unlikely as it sounds- think the 's&l mess' in the late 80's in the US, i 
have it on good authority that this was not uncommon in india before banks 
were nationalized]. the point is that an individual is no match for the 
collective power of a corporation and safegaurds need to exist to limit the 
power of corporations to the purpose for which they are sanctioned and to 
protect the public from the misuse of their power. in the present context, 
frequently corporations are legally considered to be
equivalent to "persons" or as a historian has put it "immortal person's of 
great wealth" and claim the same rights and protections of the law afforded 
to real persons this is by no means a 'natural' condition. at the same time 
they are immune from the notions of
punishment like imprisonment or execution- though it is arguable
that if a corporation negligently or willingly causes death it ought
to be subject to the 'death penalty' by being liquidated and having its 
assets sold for reparation.

you might argue at this point that this requires a 'state' that has
the power to match th epower of corporations, and this implies that there 
will be individuals that wield huge power, so it follows that
the power of the state will be abused. that could happen-
[well actually that is precisely what happens in licence raj] and
the individuals who are supposed to represent the interests of the
public, act solely in their own interest- which may include
colluding with the corporate powers they supposedly regulate.
the problem becomes then- who will regulate the regulators if
they fail to represent the interests they are charged with doing?
this is not a simple problem but i believe solutions to exist-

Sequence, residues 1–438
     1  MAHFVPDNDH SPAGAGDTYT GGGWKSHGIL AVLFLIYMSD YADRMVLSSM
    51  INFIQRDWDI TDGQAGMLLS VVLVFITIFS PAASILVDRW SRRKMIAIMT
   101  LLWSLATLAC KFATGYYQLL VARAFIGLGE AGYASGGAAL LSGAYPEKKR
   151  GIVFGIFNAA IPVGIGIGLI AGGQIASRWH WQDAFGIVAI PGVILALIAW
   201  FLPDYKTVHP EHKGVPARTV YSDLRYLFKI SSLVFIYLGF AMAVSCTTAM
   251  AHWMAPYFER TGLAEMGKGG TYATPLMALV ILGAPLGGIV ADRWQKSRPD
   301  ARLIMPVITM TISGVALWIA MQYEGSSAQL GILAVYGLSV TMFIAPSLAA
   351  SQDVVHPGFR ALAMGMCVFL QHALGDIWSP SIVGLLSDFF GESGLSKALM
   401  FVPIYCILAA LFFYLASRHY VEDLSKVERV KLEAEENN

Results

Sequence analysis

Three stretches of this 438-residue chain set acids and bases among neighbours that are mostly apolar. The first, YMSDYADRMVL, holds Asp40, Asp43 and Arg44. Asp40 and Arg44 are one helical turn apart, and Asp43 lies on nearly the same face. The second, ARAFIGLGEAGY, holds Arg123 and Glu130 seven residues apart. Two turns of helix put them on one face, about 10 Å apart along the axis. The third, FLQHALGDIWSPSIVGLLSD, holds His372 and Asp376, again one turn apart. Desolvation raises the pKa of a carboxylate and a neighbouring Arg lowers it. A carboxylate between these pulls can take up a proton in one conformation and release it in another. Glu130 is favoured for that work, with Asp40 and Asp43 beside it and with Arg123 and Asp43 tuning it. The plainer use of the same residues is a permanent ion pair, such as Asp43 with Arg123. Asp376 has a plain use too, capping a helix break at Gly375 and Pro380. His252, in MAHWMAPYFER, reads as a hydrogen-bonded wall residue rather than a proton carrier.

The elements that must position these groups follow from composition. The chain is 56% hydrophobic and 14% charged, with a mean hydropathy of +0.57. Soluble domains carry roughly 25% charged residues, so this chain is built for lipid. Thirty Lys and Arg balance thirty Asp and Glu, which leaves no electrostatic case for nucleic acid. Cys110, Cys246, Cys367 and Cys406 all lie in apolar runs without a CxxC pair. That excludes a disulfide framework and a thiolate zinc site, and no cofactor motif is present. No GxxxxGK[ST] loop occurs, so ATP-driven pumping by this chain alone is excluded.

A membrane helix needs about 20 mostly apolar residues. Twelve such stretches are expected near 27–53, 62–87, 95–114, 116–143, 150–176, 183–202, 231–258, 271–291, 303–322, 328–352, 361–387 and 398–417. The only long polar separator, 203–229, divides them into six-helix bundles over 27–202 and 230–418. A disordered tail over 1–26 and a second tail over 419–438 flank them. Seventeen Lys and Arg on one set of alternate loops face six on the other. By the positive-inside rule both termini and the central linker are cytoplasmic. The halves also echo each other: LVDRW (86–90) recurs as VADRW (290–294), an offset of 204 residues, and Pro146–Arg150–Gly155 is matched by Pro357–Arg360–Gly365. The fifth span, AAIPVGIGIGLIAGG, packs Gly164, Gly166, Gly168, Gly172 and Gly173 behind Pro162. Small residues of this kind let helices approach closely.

currently the solution is supposed to be that public representatives
are limmited in their power by the ballot box- ie they or their
superiors can be voted out of office every 4-6 years. i would
suggest that that is too long a time-constant in the system, that
the system would benefit from mechanisms for easy and swift
recall and dismissal of elected and appointed representatives percieved by
the public/electorate to be acting against the public interest.
it also requires a great deal of transparency and availability
of information on government action [as argued here by many]
and it will also require a public awareness and intolerance of
corrupt behavior of those entrusted with power- this does not
necessarily mean an equivalent and parallel power structure,
for example we do not have a parallel miliratry to check the
power of the existing military, but we do have a strong cultural
sensibility that for the military to use the power it wields against
the public is wrong [and though this this happens in the context of
insurgency for example it is a lot less than in say, pakistan where
military coups are a regular occurence].
the idea is to not concentrate public power in the hands of a few
individual who will then inevitably misuse it but to limit their power
by making it easier for the public to recall them when they misbehave-
just as we would limit the power of corporate capital by instituiting
limit to their activity and power.